What is the best way to cut a donut up into tetrahedra?
A donut is a solid $3$-dimensional object known, in fancier mathematical terms, as a solid torus. We are interested in chopping a donut into tetrahedra, solids built with $4$ triangular faces. Perhaps it would be better to see that we are interested in building a solid torus out of tetrahedra. So take a bunch of tetrahedra and glue them together faces-to-faces; we are doing topology here, so it is OK to bend and deform them, but anytime you glue two tetrahedra together, you should glue one triangular face of one tetrahedron to one triangular face of the other one. It is even OK to glue a tetrahedron to itself, you should just glue two different faces to each other. (This, obviously, takes a lot of bending and deforming, but that's OK.) Now, notice that after you've done this, the surface of the donut will itself be divided up into some number of triangles.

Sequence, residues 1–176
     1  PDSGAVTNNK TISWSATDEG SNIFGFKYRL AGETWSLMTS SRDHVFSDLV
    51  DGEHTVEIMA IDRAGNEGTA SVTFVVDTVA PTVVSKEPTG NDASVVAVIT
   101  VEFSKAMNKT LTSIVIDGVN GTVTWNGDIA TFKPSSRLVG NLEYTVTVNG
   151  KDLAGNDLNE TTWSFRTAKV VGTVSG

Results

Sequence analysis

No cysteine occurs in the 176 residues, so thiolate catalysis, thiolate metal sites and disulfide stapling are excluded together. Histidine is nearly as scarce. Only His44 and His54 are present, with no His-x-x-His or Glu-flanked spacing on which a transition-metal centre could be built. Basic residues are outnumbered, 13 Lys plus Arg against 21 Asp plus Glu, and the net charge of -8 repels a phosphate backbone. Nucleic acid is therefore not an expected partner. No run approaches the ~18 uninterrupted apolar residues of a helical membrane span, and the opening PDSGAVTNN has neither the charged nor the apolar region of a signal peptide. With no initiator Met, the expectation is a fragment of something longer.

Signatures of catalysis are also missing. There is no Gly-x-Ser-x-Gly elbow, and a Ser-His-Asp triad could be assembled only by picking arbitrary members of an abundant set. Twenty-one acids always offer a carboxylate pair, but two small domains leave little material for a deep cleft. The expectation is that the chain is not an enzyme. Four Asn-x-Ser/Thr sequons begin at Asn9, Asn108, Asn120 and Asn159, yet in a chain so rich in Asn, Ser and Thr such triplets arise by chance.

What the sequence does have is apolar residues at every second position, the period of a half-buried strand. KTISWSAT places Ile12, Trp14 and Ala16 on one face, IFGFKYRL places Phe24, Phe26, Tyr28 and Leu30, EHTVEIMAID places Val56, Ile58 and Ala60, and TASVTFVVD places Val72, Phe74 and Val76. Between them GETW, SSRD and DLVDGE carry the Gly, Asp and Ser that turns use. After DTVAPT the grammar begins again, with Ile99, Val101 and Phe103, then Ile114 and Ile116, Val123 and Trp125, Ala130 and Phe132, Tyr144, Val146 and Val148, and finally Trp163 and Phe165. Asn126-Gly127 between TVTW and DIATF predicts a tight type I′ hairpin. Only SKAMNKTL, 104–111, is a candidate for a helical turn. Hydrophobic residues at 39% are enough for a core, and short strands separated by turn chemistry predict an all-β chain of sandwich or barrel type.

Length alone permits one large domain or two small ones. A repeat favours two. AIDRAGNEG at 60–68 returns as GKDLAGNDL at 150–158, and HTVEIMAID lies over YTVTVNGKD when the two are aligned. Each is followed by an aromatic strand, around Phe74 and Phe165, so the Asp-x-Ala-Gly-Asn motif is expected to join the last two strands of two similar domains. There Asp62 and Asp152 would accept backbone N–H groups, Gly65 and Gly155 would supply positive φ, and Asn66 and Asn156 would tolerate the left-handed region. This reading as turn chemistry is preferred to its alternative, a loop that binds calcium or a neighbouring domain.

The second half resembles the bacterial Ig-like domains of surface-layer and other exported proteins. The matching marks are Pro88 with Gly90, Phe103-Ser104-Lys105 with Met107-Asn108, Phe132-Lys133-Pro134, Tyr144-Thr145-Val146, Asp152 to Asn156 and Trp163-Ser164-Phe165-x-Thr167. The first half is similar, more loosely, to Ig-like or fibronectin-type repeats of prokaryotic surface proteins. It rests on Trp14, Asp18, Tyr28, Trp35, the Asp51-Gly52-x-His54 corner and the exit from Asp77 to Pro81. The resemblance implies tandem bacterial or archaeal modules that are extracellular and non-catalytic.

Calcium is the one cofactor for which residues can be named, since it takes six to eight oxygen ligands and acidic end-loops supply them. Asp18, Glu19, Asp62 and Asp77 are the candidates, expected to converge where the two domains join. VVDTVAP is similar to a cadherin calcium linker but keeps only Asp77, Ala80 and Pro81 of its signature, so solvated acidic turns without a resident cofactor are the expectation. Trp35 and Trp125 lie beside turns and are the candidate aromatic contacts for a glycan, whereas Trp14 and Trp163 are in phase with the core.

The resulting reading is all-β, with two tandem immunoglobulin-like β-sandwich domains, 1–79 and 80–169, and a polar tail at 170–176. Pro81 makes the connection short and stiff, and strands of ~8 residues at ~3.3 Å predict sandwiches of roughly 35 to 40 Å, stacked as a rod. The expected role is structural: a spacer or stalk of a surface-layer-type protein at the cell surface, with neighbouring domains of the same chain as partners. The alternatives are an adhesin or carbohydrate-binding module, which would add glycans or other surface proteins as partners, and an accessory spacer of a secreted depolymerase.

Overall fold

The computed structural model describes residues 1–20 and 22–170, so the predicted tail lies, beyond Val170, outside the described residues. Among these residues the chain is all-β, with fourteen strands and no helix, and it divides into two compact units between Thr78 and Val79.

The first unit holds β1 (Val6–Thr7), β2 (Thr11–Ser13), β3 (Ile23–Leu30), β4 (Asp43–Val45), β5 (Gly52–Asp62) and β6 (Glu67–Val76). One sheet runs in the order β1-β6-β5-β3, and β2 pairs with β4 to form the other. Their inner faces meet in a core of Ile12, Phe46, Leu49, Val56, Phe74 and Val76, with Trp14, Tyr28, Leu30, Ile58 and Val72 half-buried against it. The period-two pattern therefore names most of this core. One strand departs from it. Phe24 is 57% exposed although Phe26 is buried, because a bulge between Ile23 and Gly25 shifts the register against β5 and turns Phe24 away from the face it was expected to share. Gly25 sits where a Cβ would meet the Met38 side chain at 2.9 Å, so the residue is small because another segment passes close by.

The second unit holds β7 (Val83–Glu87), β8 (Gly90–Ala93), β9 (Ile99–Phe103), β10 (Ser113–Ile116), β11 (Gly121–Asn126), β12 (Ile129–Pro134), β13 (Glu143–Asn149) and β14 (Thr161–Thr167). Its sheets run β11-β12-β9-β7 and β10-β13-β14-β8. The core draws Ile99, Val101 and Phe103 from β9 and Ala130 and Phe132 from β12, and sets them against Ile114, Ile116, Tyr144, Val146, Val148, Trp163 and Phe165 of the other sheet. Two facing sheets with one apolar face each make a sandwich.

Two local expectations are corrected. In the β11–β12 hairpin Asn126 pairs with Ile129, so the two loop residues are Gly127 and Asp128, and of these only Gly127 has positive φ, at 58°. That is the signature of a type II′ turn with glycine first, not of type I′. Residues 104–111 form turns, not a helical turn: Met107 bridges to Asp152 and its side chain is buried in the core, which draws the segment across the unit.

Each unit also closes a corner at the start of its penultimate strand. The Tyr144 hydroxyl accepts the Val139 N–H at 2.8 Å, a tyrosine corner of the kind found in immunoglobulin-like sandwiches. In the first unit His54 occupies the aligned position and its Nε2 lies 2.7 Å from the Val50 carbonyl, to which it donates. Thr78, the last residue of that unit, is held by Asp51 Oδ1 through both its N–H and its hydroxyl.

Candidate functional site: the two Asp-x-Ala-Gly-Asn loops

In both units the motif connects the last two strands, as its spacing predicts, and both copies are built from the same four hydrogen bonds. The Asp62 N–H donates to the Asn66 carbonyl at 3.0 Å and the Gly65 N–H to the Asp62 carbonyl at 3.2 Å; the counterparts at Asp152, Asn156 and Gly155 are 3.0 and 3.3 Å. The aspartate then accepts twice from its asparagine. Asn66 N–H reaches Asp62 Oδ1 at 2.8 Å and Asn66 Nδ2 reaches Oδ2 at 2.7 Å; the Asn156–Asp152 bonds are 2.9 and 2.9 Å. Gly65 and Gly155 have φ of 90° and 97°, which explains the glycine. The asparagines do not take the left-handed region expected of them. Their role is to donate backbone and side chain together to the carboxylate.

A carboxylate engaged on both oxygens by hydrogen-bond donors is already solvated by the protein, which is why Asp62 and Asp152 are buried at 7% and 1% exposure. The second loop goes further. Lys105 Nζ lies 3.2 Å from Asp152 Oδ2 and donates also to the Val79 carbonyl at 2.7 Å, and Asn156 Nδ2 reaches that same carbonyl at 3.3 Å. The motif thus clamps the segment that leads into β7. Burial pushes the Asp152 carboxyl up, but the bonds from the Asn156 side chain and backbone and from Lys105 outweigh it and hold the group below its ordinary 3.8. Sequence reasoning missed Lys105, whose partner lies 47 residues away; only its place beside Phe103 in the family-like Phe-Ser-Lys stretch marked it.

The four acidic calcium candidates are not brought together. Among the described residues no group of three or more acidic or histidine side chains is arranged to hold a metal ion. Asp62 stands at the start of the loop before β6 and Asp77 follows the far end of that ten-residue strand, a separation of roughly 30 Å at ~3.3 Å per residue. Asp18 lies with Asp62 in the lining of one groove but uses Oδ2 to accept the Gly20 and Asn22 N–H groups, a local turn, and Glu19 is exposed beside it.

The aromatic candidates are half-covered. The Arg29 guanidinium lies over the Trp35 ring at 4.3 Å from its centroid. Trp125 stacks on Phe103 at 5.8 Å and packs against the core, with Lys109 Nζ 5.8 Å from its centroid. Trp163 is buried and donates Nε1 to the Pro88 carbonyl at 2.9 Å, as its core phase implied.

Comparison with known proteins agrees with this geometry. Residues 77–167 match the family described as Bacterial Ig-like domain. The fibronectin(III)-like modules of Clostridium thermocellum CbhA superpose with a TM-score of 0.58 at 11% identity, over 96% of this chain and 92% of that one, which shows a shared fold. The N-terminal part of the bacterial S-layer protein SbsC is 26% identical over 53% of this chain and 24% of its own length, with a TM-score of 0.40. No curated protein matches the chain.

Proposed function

Here is the question: Suppose you start with a particular way of dividing the surface of the donut into exactly two triangles. (One way of doing this is illustrated in the picture here.) Then there are many different ways that you might build the donut from tetrahedra so as to give you that particular "triangulation" of the surface. Of all these different ways, which one has the least number of tetrahedra?
Something to start with is to try to think of how many different ways there are to divide the surface of a donut into exactly two triangles. For each one of these ways, we expect a different answer to the question above. I'll try to say some more about this problem in a later post. Thanks to Stephan Tillmann for telling me about this problem. There is a particular conjecture about the answer to this problem, but I'll leave that unstated for now - that's another story.